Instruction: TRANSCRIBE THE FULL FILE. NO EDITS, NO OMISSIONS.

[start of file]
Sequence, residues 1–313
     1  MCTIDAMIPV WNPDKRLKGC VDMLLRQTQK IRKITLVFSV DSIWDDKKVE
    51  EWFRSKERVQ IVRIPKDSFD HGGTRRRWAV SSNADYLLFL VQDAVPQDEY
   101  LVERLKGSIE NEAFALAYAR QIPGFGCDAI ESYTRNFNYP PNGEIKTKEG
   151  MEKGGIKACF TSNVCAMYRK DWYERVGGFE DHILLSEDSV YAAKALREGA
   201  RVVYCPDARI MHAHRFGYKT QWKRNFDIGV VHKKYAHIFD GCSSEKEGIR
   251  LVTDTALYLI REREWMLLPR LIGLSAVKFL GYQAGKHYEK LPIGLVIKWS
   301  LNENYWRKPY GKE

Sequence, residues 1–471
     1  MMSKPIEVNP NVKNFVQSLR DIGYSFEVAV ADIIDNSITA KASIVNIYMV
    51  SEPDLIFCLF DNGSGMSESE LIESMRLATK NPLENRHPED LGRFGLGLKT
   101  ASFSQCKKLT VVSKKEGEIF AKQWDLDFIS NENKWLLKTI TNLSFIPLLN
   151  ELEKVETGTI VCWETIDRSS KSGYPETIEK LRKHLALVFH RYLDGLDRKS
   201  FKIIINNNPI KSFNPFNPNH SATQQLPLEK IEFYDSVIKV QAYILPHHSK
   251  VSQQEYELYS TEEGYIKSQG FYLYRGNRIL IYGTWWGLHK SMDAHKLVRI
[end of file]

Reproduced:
Sequence, residues 1–313
     1  MCTIDAMIPV WNPDKRLKGC VDMLLRQTQK IRKITLVFSV DSIWDDKKVE
    51  EWFRSKERVQ IVRIPKDSFD HGGTRRRWAV SSNADYLLFL VQDAVPQDEY
   101  LVERLKGSIE NEAFALAYAR QIPGFGCDAI ESYTRNFNYP PNGEIKTKEG
   151  MEKGGIKACF TSNVCAMYRK DWYERVGGFE DHILLSEDSV YAAKALREGA
   201  RVVYCPDARI MHAHRFGYKT QWKRNFDIGV VHKKYAHIFD GCSSEKEGIR
   251  LVTDTALYLI REREWMLLPR LIGLSAVKFL GYQAGKHYEK LPIGLVIKWS
   301  LNENYWRKPY GKE

Sequence, residues 1–471
     1  MMSKPIEVNP NVKNFVQSLR DIGYSFEVAV ADIIDNSITA KASIVNIYMV
    51  SEPDLIFCLF DNGSGMSESE LIESMRLATK NPLENRHPED LGRFGLGLKT
   101  ASFSQCKKLT VVSKKEGEIF AKQWDLDFIS NENKWLLKTI TNLSFIPLLN
   151  ELEKVETGTI VCWETIDRSS KSGYPETIEK LRKHLALVFH RYLDGLDRKS
   201  FKIIINNNPI KSFNPFNPNH SATQQLPLEK IEFYDSVIKV QAYILPHHSK
   251  VSQQEYELYS TEEGYIKSQG FYLYRGNRIL IYGTWWGLHK SMDAHKLVRI